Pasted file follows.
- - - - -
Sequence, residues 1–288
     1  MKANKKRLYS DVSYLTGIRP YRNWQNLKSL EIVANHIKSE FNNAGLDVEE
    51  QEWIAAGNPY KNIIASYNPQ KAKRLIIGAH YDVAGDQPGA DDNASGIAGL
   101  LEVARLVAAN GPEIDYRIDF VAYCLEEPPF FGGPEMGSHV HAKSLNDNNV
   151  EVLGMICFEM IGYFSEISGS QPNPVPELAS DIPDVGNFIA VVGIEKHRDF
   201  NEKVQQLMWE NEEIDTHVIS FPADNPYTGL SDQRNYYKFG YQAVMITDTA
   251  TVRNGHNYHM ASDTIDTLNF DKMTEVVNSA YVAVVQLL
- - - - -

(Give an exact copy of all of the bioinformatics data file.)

Sequence, residues 1–288
     1  MKANKKRLYS DVSYLTGIRP YRNWQNLKSL EIVANHIKSE FNNAGLDVEE
    51  QEWIAAGNPY KNIIASYNPQ KAKRLIIGAH YDVAGDQPGA DDNASGIAGL
   101  LEVARLVAAN GPEIDYRIDF VAYCLEEPPF FGGPEMGSHV HAKSLNDNNV
   151  EVLGMICFEM IGYFSEISGS QPNPVPELAS DIPDVGNFIA VVGIEKHRDF
   201  NEKVQQLMWE NEEIDTHVIS FPADNPYTGL SDQRNYYKFG YQAVMITDTA
   251  TVRNGHNYHM ASDTIDTLNF DKMTEVVNSA YVAVVQLL